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Guantanamo defendant in 9/11 case says he may want to be own lawyer when proceedings resume

FILE - In this Jan. 21, 2009 file photo of a sketch by court artist Janet Hamlin, and reviewed by the U.S. Military, Walid bin Attash, bottom, and Khalid Sheik Mohammad attend a hearing at the U.S. Military Commissions court for war crimes at the U.S. Naval Base in Guantanamo Bay, Cuba. On Monday, Oct. 19, 2015 as a pretrial hearing was just starting at the U.S. base in Cuba, Yemeni prisoner Attash, who is charged in the Sept. 11 attack, said he may want to represent himself when long-stalled military proceedings against him resume. Attash said he has no faith in his defense team and asked the judge if he could have information about his rights if he were to represent himself. (AP Photo/Janet Hamlin, Pool, File)

FILE - In this Jan. 21, 2009 file photo of a sketch by court artist Janet Hamlin, and reviewed by the U.S. Military, Walid bin Attash, bottom, and Khalid Sheik Mohammad attend a hearing at the U.S. Military Commissions court for war crimes at the U.S. Naval Base in Guantanamo Bay, Cuba. On Monday, Oct. 19, 2015 as a pretrial hearing was just starting at the U.S. base in Cuba, Yemeni prisoner Attash, who is charged in the Sept. 11 attack, said he may want to represent himself when long-stalled military proceedings against him resume. Attash said he has no faith in his defense team and asked the judge if he could have information about his rights if he were to represent himself. (AP Photo/Janet Hamlin, Pool, File)  (The Associated Press)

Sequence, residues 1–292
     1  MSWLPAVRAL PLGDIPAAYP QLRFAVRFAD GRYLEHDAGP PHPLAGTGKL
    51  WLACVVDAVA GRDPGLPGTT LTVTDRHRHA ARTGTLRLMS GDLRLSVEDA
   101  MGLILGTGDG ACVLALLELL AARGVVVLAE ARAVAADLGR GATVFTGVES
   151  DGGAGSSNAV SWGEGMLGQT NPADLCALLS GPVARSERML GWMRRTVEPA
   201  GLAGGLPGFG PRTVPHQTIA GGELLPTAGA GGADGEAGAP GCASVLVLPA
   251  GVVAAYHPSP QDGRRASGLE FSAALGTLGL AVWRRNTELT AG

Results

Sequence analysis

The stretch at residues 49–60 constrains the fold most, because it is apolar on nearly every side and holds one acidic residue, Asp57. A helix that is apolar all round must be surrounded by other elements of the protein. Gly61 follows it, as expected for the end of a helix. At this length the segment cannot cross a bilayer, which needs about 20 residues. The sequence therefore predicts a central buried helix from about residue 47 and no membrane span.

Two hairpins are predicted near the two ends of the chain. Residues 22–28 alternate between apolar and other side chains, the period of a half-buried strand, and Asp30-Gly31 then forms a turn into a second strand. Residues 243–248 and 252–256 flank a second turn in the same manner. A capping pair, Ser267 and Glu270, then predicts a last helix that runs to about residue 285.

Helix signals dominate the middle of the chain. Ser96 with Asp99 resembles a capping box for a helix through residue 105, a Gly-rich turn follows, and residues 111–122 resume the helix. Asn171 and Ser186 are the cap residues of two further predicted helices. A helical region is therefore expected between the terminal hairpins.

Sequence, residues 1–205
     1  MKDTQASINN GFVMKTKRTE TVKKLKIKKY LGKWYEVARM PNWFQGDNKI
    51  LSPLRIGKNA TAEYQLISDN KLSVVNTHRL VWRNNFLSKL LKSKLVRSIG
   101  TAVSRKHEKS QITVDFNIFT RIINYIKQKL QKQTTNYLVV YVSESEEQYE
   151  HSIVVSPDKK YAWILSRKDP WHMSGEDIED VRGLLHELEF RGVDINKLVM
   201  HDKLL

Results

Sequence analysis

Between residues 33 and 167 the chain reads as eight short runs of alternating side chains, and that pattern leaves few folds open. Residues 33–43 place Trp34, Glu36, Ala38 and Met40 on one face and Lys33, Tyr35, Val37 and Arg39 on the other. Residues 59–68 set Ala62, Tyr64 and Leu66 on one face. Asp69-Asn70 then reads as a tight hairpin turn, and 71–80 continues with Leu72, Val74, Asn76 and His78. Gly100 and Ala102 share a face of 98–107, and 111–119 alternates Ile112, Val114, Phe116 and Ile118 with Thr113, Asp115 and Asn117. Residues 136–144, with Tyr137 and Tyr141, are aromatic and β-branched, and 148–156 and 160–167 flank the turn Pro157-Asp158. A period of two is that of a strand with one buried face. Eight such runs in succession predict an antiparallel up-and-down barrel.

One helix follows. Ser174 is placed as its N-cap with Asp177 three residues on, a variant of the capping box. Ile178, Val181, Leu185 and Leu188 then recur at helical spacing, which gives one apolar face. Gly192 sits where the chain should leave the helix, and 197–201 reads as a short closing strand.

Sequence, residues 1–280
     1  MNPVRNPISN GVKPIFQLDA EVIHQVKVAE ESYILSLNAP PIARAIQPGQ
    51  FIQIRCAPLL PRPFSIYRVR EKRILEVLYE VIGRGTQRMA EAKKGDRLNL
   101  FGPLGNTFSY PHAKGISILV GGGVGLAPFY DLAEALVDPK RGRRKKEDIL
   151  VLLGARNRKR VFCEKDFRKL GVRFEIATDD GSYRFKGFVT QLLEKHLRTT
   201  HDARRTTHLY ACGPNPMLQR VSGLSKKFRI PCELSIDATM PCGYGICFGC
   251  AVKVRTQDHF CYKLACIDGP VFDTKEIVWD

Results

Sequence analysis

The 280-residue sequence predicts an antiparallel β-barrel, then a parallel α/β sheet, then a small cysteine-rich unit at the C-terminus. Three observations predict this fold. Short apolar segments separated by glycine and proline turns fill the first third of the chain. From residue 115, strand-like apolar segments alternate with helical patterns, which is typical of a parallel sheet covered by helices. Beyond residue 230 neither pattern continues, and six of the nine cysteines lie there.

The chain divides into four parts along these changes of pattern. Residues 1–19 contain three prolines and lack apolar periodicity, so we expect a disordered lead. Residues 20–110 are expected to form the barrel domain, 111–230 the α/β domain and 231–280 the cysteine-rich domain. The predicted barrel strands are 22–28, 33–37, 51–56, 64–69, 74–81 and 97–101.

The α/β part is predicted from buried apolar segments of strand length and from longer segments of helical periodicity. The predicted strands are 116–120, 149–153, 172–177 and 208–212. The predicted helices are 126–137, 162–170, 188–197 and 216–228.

A Guantanamo Bay prisoner charged in the Sept. 11 attack says he may want to represent himself when long-stalled military proceedings against him resume.

Yemeni prisoner Walid Bin Attash says he has no faith in his defense team and asked the judge presiding over his case if he could have information about his rights if he were to represent himself. Bin Attash raised the issue Monday as a pretrial hearing was just starting at the U.S. base in Cuba.

The judge recessed the hearing for the rest of the day so the defendant could discuss the issue with his court-appointed civilian and military counsel.

Bin Attash is one of five men facing trial by military commission for planning and aiding the attack. They could get the death penalty if convicted.